In today’s economy, no one wants to pay too much for whatever he or she is buying. For most things, a prudent consumer can research the best deal, to ensure they are getting the most for their money.
Few people would go to a car dealership without first knowing what a fair price is for the car they are buying. So why is it that, when it comes to doctor visits, medical procedures or other health care necessities, most people don’t have a clue what their bill will be or if they are paying too much?
That was the question Dr. Jeffery Rice asked himself after realizing he’d just paid 10 times more for a blood test than he should have. He figured if this could happen to him, the average consumer was probably being overcharged too.
In 2009, the e-health expert started Healthcarebluebook.com, the first website to help people price health care services on a national basis. The site gives consumers free “fair pricing” information for a variety of medical services from doctor visits and hospital stays to medical tests and surgery for their specific area.
It’s the same concept as other online sites where consumers can research the best price for travel, home improvement services, car insurance or home loans.
The fair price is based on the average price health care plans negotiated to pay their network providers for a service in a specific market says Aimee Stern, vice president of communications at Healthcare Blue Book.
As Stern explains it, the price for the same health care services, procedure or treatments can vary by thousands of dollars even in the same market. For instance, uninsured patients often pay higher prices for hospital care, prescription drugs, lab tests and other health care services than those with health insurance. And several studies show a higher cost doesn’t necessarily mean higher quality or value.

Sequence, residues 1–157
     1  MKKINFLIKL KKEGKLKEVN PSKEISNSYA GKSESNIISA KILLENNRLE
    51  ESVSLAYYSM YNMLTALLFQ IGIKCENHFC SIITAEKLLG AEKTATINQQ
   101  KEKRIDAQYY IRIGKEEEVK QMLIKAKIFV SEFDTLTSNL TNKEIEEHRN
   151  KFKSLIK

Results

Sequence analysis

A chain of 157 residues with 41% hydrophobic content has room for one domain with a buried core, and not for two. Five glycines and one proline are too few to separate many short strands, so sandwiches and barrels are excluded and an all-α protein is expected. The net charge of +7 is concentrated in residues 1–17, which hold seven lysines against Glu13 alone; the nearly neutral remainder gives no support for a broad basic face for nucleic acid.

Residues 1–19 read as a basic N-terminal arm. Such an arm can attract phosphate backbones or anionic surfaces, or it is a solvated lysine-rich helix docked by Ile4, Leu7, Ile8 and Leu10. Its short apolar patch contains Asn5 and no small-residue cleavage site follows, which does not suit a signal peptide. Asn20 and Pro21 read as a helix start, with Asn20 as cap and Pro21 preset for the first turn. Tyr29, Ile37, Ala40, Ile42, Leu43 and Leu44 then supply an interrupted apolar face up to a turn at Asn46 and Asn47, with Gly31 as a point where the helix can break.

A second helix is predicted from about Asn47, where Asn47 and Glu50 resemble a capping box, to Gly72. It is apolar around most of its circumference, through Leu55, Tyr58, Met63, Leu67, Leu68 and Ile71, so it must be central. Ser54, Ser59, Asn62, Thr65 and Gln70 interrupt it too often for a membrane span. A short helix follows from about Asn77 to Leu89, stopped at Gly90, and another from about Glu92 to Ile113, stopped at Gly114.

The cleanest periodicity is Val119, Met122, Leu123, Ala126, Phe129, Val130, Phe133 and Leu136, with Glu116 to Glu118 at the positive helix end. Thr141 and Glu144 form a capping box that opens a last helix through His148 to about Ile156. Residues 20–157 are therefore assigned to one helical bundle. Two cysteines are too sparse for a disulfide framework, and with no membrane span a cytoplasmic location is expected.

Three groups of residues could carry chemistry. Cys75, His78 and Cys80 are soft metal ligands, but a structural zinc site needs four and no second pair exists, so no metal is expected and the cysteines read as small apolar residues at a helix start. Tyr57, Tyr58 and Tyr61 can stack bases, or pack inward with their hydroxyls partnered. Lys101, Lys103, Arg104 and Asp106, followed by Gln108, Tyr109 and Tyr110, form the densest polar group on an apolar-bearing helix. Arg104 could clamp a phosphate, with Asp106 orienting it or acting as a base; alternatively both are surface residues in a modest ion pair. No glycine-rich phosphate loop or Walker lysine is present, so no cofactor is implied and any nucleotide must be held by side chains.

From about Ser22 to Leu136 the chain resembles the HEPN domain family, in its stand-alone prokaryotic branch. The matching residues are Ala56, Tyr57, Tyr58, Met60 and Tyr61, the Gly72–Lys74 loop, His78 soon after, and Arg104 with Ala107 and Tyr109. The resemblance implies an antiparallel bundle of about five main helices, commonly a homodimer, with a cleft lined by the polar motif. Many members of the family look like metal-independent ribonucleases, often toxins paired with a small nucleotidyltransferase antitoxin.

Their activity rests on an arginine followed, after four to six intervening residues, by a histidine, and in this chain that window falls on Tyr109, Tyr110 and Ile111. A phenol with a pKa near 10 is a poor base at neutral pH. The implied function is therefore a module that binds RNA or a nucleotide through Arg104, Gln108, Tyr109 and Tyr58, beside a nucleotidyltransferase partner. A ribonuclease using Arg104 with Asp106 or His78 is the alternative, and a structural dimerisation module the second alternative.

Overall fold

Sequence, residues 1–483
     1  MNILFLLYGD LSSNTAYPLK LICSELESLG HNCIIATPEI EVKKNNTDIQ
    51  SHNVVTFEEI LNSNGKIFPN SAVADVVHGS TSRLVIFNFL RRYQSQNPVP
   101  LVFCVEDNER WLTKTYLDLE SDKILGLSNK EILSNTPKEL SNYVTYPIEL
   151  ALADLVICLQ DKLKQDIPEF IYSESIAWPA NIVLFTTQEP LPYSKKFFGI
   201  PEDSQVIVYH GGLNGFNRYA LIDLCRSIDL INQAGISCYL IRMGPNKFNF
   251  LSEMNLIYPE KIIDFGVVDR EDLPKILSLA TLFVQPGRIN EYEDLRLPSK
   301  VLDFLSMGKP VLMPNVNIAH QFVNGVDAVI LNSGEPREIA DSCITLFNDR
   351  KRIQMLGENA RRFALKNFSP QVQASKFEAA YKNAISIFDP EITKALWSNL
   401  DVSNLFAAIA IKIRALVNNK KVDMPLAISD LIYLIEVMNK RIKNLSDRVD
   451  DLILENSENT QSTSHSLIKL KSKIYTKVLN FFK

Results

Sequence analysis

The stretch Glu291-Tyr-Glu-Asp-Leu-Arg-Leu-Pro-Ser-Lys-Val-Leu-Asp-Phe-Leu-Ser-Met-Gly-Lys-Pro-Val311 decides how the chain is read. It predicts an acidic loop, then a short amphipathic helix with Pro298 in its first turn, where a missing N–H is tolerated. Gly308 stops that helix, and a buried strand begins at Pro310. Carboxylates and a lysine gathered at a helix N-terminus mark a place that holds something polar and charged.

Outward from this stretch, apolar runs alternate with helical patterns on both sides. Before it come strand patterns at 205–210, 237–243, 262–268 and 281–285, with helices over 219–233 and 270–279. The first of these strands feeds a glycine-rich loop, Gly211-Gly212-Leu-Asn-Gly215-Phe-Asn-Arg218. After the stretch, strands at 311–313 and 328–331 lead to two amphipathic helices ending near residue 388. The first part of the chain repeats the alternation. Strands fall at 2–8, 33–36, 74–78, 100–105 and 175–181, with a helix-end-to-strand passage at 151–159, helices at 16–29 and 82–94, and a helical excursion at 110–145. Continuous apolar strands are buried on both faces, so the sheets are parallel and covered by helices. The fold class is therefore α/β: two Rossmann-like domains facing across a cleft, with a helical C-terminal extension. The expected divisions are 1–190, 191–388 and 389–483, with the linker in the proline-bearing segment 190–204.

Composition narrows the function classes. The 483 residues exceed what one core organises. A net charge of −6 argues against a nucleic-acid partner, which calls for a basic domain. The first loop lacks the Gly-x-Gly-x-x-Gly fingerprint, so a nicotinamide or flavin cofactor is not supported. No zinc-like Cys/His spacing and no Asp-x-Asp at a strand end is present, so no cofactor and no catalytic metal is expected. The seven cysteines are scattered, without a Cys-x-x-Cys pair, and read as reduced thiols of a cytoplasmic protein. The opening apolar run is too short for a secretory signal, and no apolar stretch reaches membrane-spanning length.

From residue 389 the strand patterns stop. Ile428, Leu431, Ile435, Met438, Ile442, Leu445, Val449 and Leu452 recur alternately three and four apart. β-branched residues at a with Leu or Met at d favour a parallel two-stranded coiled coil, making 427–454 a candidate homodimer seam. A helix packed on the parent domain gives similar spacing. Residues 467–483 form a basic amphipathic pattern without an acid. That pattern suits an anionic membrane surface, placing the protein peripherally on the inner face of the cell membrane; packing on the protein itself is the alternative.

If you are paying out of pocket, a cancer diagnosis can send your bottom line into a tailspin. In my area, a mastectomy for breast cancer can run from $6,400 to more than $24,000.
“A person can pay thousands dollars more for a mastectomy in one facility than in one down the block, simply because the insurance companies negotiated different rates with different providers. For consumers, knowledge is power. It’s truly possible to pay less for medical services and not compromise quality of care or level or service. Now anyone can get help with pricing to negotiate and save money, and that is really our goal,” she said.
Stern says the savvy consumer can ask for a discount when offering to pay cash for their medical services, or your own doctor may give you a discount if you simply can't afford what they are charging, “but you have to know to ask.”
The website is in the process of rolling out customized versions of the Blue Book consumer site to companies and other organizations, so their employees have a range of prices for providers within their network. Stern says as a result it creates educated employees who can do a better job of managing their health at a price they can afford.
More information at www.healthcarebluebook.com
Lynette Summerill, an award-winning writer and scuba enthusiast lives in San Diego, CA with her husband and two canine kids. In addition to writing about cancer-related issues for EmpowHER, her work has been seen in newspapers and magazines around the world.
Sources: Interview with Aimee Stern. Healthcare Blue Book. 14 Sept. 2011.
Minnesota Medicine. Differences in the Cost of Health Care Provided by Group Practices in Minnesota. John E. Kralewski, Ph.D., Bryan E. Dowd, Ph.D., and Yi (Wendy) Xu. February 2011. Accessed online 15 September 2011 at
Reviewed September 15, 2011
by Michele Blacksberg RN
Edited by Jody Smith